The Fragmented Battle for the Living Room Continues
Media consumption in the living room is a new battleground for many services vying for those eyes and ears. Until recently, most media was provided via standard cable operators, or terrestrial radio, but things are evolving quickly. With digital music, personal collections grew exponentially, and people could play files through an iPod dock with a speaker, or by plugging into a traditional audio receiver. Recorded video became more popular as DVD and eventually Blue Ray became more ubiquitous.
Now, the battle has been expanded and a wide array of companies with products and services across industries are competing for those consumers when they are paying attention most- in their living rooms. As a result, traditional TV viewing continues to command less and less of our time, particularly across younger demographics as a recent Nielsen study indicates:
Consumers have more choices than ever for accessing different types of media at home. In addition to traditional TV and radio, consumers can tap into new sources of content through web enables services. Traditional TV’s share of our time will continue to decline as consumers try out things like:
- Expanded cable services with on demand video and other web-based content
- Home Theater PCs connected to traditional TV sets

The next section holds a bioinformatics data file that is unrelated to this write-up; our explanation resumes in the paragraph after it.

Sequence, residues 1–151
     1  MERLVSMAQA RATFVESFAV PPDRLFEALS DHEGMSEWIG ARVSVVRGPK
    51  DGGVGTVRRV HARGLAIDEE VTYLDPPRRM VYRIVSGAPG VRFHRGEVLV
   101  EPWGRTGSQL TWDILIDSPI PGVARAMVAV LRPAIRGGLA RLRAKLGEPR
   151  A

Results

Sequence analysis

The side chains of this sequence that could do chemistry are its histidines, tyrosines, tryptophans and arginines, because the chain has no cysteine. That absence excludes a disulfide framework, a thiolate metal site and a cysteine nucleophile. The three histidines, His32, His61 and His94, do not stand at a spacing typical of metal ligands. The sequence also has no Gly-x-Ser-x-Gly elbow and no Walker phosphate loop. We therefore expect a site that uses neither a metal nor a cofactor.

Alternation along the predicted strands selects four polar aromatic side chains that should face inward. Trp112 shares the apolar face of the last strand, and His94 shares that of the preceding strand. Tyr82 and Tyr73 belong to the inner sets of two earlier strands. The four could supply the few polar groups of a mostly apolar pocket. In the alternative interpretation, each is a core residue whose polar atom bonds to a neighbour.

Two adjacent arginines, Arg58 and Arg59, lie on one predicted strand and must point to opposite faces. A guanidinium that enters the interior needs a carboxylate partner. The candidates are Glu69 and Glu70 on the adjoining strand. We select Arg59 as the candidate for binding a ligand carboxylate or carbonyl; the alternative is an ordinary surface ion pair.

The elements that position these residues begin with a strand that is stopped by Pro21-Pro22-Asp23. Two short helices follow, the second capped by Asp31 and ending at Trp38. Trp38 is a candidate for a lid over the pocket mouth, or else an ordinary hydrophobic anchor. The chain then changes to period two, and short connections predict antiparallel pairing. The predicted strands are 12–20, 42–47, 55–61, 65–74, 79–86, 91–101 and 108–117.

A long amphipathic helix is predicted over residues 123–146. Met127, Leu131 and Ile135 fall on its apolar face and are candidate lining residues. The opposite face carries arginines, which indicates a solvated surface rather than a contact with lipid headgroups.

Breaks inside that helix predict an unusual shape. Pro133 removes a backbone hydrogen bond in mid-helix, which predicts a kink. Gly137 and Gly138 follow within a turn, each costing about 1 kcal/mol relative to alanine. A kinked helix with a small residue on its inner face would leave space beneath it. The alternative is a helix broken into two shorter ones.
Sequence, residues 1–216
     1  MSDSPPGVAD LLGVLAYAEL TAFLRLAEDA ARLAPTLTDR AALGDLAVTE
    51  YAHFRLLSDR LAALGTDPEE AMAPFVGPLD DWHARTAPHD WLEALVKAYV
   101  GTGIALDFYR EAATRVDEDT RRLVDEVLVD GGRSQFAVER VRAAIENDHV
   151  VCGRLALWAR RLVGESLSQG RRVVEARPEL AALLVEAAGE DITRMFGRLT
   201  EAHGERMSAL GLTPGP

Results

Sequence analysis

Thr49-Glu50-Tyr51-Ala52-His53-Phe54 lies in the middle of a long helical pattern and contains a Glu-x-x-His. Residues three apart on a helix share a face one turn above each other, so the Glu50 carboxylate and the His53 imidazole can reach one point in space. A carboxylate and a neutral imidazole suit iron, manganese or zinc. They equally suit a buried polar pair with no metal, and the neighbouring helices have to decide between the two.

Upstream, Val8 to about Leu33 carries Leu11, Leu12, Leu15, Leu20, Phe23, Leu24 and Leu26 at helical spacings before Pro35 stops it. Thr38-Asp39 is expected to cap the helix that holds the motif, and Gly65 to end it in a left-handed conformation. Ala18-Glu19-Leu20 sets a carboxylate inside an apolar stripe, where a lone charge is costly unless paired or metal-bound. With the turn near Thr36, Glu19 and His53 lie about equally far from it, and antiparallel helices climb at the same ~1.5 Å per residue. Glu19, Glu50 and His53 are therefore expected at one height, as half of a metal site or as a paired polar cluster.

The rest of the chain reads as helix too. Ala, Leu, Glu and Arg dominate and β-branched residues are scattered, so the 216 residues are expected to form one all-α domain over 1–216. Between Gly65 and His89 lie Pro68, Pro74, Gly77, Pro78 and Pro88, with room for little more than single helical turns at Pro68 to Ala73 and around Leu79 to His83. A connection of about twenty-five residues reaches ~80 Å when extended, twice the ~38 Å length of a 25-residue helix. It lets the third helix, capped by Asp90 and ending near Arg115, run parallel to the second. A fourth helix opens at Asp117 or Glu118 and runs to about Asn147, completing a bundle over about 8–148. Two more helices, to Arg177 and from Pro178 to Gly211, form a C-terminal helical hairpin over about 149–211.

- Media delivered via stand-along boxes like Roku box or Apple TV
- Media delivered via current and next generation game consoles
- New TV sets with web features baked in like Samsung’s Smart TV
- Plug and play media sticks like Roku’s Streaming Stick and Google’s newly released $35 Chromecast
With most of these options, users can access basic web services for things like weather, traffic, and social networks. In many cases, users can also access apps for services like Netflix, Hulu, and other content aggregators and streaming video providers. Right now in my home, I probably have more than a half dozen different methods to access Facebook or Netflix from my couch.
As the battle for the living room matures, it is likely consumers will see some consolidations in options for consumption. One thing is for sure however- traditional media like live TV will continue to see its share of the pie decline, as time shifting and web based content continue to expand.